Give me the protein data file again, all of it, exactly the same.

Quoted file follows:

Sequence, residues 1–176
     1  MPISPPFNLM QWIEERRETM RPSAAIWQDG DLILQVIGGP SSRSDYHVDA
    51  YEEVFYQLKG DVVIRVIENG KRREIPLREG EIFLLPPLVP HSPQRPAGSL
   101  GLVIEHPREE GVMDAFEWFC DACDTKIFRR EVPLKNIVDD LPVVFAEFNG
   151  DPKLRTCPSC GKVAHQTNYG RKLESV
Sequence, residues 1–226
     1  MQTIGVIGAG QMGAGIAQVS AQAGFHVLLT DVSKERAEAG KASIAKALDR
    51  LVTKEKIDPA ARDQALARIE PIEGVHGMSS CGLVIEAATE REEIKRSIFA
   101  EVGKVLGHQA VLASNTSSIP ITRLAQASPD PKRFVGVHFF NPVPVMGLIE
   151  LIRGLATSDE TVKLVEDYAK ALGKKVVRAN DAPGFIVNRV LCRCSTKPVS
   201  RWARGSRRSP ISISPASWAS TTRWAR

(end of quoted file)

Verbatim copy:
Sequence, residues 1–176
     1  MPISPPFNLM QWIEERRETM RPSAAIWQDG DLILQVIGGP SSRSDYHVDA
    51  YEEVFYQLKG DVVIRVIENG KRREIPLREG EIFLLPPLVP HSPQRPAGSL
   101  GLVIEHPREE GVMDAFEWFC DACDTKIFRR EVPLKNIVDD LPVVFAEFNG
   151  DPKLRTCPSC GKVAHQTNYG RKLESV
Sequence, residues 1–226
     1  MQTIGVIGAG QMGAGIAQVS AQAGFHVLLT DVSKERAEAG KASIAKALDR
    51  LVTKEKIDPA ARDQALARIE PIEGVHGMSS CGLVIEAATE REEIKRSIFA
   101  EVGKVLGHQA VLASNTSSIP ITRLAQASPD PKRFVGVHFF NPVPVMGLIE
   151  LIRGLATSDE TVKLVEDYAK ALGKKVVRAN DAPGFIVNRV LCRCSTKPVS
   201  RWARGSRRSP ISISPASWAS TTRWAR